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Analytical Infrared (IR)

Infrared (IR) spectroscopy

Infrared (IR) spectroscopy is an umbrella term for spectroscopic techniques that involve probing of matter with infrared radiation. Typically, the aim of this investigation is the identification of a specific compound and its concentration. In the simplest absorption IR spectroscopy, a broadband IR source illuminates a sample. A molecule absorbs radiation of specific wavelengths depending on the allowed transitions between its quantum mechanical vibrational and rotational states. The configuration of states is unique to a molecule. The spectrum of the transmitted light contains absorption features whose distribution and intensity depend on the chemical composition of the sample. A typical setup for dispersive absorption IR spectroscopy consists, apart from mirrors and lenses, of an IR source, reflection or transmission grating, and image sensor. The technique can be used to analyze solid, liquid, and gaseous samples. Gas emission monitoring and quality control for the presence of impurities are two application examples of IR absorption spectroscopy.

Hamamatsu is a leading manufacturer of essential components for IR spectroscopy. These include InGaAs image sensors covering the 0.9-2.55 μm range and single-element detectors (photovoltaic, photoconductive, and pyroelectric types) covering the wavelength range from visible up to ~20 μm. Hamamatsu also manufactures complete compact spectrometers and FTIR engines with a Michelson-Morley interferometer,  an InGaAs PIN photodiode, and a calibration laser inside.

Fourier-transform infrared (FTIR) spectroscopy instruments

Fourier-transform infrared (FTIR) spectroscopy is a popular alternative to the dispersive technique described above. Here, the incident radiation from a broadband IR source, after passing through the sample, is directed to the Michelson-Morley interferometer, and then to a single-element IR detector. The detector produces an interferogram: light level measured by the detector as a function of the mirror position in the interferometer. Applying fast Fourier transform to the interferogram produces the spectrum of the sample and the source. Subtracting the spectrum of the source yields the spectrum of the sample. Compared to dispersive techniques, FTIR offers three advantages that improve signal-to-noise ratio: multiplexing, higher throughput, and higher wavelength accuracy. FTIR can be employed – as an alternative – in all applications where a dispersive technique is used. Because FTIR offers a higher sensitivity and a shorter data acquisition time, additional applications become feasible, for example, hyperimaging, studies of proteins in biological samples, or in-situ 13C/12C ratio analysis in water carbonates.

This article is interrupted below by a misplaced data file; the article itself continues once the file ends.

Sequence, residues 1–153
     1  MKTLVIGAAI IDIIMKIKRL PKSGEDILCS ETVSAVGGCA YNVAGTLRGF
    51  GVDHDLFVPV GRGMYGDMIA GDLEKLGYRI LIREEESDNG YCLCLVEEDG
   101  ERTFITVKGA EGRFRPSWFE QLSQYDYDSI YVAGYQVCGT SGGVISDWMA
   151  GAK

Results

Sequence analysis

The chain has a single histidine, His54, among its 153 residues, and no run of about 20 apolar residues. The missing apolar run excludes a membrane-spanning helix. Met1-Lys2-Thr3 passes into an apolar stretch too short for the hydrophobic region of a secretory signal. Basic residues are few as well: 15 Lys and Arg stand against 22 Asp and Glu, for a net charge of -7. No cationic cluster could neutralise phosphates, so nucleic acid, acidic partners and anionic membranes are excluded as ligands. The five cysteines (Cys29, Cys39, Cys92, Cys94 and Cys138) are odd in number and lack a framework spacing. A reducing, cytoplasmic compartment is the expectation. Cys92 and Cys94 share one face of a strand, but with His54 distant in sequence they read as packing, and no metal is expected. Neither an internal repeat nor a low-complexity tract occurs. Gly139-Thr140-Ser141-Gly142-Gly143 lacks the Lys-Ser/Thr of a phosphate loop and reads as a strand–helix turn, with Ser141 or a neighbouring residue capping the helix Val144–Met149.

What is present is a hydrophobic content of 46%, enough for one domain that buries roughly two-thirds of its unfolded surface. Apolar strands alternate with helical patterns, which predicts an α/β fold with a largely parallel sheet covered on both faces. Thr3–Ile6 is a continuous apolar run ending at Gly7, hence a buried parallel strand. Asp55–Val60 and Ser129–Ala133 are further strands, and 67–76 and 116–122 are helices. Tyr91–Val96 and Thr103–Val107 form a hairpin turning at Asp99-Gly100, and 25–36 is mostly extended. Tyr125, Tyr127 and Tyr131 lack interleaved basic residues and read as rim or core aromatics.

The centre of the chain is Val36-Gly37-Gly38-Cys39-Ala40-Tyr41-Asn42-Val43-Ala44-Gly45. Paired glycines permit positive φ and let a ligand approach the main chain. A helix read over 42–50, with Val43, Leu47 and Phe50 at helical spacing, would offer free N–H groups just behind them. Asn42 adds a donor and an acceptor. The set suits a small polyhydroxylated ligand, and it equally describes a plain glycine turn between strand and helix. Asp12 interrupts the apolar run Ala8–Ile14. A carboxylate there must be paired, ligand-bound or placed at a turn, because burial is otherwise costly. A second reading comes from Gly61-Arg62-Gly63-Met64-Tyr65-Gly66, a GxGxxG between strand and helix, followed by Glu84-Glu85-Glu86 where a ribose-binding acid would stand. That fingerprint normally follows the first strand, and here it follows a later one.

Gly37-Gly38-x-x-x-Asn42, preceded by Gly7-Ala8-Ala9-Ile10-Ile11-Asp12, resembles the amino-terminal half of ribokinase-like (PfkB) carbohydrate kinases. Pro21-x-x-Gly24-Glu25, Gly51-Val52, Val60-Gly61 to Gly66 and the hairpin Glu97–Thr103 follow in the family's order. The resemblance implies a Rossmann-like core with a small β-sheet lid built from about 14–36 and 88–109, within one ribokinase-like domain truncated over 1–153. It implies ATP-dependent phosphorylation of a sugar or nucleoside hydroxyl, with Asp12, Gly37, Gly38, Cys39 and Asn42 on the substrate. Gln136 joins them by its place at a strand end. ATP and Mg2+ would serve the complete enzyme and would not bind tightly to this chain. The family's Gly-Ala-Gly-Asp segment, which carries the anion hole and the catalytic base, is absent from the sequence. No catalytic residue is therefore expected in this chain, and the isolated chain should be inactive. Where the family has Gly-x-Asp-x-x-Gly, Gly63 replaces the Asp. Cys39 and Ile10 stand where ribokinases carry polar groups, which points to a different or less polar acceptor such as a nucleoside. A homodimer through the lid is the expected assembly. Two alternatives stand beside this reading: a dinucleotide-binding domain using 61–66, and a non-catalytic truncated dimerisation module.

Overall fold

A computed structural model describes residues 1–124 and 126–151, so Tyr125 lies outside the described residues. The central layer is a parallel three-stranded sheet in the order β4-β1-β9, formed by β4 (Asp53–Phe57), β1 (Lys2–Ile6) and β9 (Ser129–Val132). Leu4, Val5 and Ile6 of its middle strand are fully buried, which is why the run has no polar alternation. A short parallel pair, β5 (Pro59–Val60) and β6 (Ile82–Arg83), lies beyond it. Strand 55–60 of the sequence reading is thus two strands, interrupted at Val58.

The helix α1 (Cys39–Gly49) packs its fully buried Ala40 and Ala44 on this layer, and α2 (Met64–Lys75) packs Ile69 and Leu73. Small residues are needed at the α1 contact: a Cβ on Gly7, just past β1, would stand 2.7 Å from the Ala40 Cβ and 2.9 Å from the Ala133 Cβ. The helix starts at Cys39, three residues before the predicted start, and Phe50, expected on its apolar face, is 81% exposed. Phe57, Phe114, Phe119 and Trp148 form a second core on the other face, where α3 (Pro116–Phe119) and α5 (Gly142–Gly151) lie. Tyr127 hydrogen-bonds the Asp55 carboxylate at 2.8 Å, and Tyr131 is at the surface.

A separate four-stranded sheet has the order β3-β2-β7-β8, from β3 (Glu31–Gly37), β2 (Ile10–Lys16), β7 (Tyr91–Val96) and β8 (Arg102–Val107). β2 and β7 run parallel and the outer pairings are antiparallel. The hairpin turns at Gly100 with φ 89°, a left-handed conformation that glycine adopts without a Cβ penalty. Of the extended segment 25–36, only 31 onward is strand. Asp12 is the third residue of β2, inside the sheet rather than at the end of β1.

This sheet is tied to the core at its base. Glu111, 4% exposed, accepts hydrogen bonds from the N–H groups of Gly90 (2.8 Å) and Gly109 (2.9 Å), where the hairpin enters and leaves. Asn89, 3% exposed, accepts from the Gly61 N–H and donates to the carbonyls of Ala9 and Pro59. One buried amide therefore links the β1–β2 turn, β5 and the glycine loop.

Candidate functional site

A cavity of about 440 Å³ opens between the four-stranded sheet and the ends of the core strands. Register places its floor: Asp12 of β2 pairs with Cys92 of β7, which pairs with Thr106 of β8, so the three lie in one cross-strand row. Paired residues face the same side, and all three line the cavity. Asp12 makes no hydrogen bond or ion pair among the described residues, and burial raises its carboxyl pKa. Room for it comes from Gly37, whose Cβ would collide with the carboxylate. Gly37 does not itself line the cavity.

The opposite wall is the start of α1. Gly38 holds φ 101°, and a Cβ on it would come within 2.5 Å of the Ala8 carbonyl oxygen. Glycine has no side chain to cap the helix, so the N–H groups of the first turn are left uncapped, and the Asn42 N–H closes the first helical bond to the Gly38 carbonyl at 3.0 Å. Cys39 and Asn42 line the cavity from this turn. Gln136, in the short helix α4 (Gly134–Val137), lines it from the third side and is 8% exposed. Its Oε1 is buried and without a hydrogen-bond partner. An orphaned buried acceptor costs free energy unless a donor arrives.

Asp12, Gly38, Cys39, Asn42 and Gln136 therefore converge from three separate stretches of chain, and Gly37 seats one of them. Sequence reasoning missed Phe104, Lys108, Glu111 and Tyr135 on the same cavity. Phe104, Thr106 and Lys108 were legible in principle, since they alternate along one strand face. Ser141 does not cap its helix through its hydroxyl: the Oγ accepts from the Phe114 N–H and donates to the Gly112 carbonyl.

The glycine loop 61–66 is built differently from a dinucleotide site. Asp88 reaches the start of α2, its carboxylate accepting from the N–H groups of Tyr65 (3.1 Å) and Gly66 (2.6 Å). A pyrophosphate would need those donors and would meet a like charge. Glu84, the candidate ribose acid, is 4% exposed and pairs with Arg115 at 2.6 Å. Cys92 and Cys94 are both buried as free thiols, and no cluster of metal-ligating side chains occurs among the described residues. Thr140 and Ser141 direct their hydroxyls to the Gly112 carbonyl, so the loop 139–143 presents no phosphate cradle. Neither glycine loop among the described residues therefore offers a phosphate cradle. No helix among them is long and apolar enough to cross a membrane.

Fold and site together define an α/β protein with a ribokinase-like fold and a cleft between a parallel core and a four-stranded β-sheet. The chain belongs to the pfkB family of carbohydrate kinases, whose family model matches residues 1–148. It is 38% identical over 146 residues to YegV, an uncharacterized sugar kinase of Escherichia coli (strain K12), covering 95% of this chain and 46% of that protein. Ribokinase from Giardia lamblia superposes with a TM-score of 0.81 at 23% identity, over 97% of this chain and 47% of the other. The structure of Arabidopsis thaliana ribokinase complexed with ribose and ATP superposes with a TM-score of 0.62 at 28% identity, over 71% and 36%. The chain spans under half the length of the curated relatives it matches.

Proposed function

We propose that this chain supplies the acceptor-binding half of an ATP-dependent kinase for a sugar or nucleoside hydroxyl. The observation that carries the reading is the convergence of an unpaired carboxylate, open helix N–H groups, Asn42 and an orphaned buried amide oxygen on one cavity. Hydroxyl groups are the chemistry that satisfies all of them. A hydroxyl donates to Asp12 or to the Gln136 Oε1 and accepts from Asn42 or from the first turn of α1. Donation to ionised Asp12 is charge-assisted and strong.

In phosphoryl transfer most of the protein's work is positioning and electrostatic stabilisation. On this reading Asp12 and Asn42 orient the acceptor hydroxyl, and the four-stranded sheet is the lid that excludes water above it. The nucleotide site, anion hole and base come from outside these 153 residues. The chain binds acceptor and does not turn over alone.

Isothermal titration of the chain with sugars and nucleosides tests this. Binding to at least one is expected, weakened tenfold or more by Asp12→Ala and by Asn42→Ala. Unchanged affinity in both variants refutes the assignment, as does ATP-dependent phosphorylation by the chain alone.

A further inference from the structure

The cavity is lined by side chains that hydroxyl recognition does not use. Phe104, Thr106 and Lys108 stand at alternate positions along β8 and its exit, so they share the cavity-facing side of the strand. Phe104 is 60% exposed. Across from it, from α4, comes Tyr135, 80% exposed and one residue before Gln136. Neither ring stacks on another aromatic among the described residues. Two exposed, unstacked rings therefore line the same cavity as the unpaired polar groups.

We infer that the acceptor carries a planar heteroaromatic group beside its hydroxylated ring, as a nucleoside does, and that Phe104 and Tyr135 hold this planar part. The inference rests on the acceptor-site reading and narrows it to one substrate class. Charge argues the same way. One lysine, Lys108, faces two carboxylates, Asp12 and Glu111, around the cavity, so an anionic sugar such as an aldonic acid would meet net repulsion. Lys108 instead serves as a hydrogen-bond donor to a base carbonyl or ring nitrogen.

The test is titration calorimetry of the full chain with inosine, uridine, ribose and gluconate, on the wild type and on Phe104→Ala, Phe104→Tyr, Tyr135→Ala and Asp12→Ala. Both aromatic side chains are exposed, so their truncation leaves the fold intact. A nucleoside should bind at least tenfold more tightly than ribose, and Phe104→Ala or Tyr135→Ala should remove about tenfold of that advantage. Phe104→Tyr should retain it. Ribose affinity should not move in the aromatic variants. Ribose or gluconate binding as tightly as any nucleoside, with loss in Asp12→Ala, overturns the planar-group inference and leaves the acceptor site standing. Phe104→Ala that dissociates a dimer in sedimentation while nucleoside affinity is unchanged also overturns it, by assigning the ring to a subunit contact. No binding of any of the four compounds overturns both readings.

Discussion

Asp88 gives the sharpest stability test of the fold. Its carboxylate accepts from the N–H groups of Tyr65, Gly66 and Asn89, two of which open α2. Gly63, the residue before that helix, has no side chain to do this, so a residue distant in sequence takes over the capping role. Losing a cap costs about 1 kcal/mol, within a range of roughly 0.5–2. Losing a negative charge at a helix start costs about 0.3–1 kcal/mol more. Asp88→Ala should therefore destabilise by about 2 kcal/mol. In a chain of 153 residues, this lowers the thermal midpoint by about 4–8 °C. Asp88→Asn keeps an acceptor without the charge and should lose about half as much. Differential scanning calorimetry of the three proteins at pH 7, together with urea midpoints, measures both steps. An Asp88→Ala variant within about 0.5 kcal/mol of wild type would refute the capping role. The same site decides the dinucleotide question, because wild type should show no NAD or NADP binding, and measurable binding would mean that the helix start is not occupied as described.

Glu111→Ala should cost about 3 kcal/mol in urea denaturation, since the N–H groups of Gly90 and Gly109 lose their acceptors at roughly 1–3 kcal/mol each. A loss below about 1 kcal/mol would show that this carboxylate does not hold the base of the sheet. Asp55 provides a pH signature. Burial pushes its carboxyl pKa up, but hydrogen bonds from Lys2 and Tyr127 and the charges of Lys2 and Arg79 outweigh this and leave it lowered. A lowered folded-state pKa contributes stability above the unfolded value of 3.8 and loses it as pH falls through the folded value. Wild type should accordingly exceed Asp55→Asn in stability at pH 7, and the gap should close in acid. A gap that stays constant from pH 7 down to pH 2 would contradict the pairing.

FTIR remains an extremely popular technique for analytical chemistry. Hamamatsu's infrared detectors have the wide coverage, sensitivity, and price point necessary to give instruments a competitive edge.

InAsSb photovoltaic detectors

Unfortunately, many detectors in the MIR space rely on hazardous materials outlined by RoHS standards. These materials are also prone to high variance at high volumes. Hamamatsu is proud to showcase a fully RoHS-compliant product line relying on indium arsenide antimonide (InAsSb) material. No mercury, cadmium, or lead are used.

InAsSb detectors are RoHS compliant, unlike mercury cadmium telluride (MCT) detectors. They also have highly stable characteristics and minimal variations from one detector to another. The cutoff wavelength of our InAsSb detectors ranges from 3 µm up to 14 µm.

When selecting an InAsSb detector, consider these characteristics:

  • Sensitivity
  • Specific detectivity (D*)
  • Noise
  • Linearity
  • Speed
  • Package
  • Cooling

Customizations include:

  • Built-in filter
  • Window material

Quantum cascade lasers (QCLs)

QCLs have an extremely narrow emission band in the mid-infrared region, making them suitable for high-accuracy measurements. When selecting QCLs, consider these characteristics:

  • Peak emission
  • Tuning
  • Output power
  • Operating temperature
  • Operating current
  • Package (TO can/HHL/butterfly)
 

We offer continuous wave (CW HHL package) and pulsed QCLs with emission wavelengths within the 4 – 10 µm band. They feature high output, high-speed response, and high reliability.

Customizations include:

  • Wavelength range or peak emission
  • Output power
  • Operating temperature and current
  • Additional cooling stages

Recommended products

FTIR engine

FTIR engine with a Michelson optical interferometer and control circuit are built into a palm-sized enclosure.

Type Ⅱ superlattice infrared detector

High-sensitivity and high-speed infrared detector with 14 um cutoff wavelength.

InAsSb photovoltaic detectors

InAsSb photovoltaic detectors deliver high sensitivity in the 5 μm, 8 μm, and 11 μm band due to our unique crystal growth technology.

Quantum cascade lasers (QCLs)

Quantum cascade lasers are semiconductor lasers that offer peak emission in the mid-IR range (4 μm to 10 μm). They have gained considerable attention as a new light source for mid-IR applications such as molecular gas analysis used in environmental measurement.

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